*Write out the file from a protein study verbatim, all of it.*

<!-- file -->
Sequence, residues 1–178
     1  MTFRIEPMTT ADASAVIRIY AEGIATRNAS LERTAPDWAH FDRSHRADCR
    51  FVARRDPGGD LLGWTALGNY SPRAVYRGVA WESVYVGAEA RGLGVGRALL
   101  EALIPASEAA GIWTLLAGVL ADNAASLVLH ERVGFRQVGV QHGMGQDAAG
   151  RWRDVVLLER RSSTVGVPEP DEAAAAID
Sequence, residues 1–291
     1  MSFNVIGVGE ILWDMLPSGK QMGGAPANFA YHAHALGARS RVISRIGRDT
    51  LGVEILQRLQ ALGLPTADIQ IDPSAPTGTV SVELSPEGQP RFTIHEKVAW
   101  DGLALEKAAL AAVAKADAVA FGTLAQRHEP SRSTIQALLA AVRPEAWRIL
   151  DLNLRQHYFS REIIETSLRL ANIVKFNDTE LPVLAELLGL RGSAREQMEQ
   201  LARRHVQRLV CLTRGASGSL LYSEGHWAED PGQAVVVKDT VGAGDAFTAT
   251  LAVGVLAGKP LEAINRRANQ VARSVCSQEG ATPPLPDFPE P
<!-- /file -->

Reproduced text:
Sequence, residues 1–178
     1  MTFRIEPMTT ADASAVIRIY AEGIATRNAS LERTAPDWAH FDRSHRADCR
    51  FVARRDPGGD LLGWTALGNY SPRAVYRGVA WESVYVGAEA RGLGVGRALL
   101  EALIPASEAA GIWTLLAGVL ADNAASLVLH ERVGFRQVGV QHGMGQDAAG
   151  RWRDVVLLER RSSTVGVPEP DEAAAAID
Sequence, residues 1–291
     1  MSFNVIGVGE ILWDMLPSGK QMGGAPANFA YHAHALGARS RVISRIGRDT
    51  LGVEILQRLQ ALGLPTADIQ IDPSAPTGTV SVELSPEGQP RFTIHEKVAW
   101  DGLALEKAAL AAVAKADAVA FGTLAQRHEP SRSTIQALLA AVRPEAWRIL
   151  DLNLRQHYFS REIIETSLRL ANIVKFNDTE LPVLAELLGL RGSAREQMEQ
   201  LARRHVQRLV CLTRGASGSL LYSEGHWAED PGQAVVVKDT VGAGDAFTAT
   251  LAVGVLAGKP LEAINRRANQ VARSVCSQEG ATPPLPDFPE P